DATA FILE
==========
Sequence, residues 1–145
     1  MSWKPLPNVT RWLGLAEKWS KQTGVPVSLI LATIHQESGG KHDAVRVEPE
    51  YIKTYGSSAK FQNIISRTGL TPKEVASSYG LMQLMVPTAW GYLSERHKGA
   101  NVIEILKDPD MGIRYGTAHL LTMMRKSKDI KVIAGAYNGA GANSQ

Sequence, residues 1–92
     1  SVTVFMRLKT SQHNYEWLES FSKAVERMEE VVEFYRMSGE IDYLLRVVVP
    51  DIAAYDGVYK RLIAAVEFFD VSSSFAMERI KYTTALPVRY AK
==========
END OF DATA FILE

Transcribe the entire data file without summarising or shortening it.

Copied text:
Sequence, residues 1–145
     1  MSWKPLPNVT RWLGLAEKWS KQTGVPVSLI LATIHQESGG KHDAVRVEPE
    51  YIKTYGSSAK FQNIISRTGL TPKEVASSYG LMQLMVPTAW GYLSERHKGA
   101  NVIEILKDPD MGIRYGTAHL LTMMRKSKDI KVIAGAYNGA GANSQ

Sequence, residues 1–92
     1  SVTVFMRLKT SQHNYEWLES FSKAVERMEE VVEFYRMSGE IDYLLRVVVP
    51  DIAAYDGVYK RLIAAVEFFD VSSSFAMERI KYTTALPVRY AK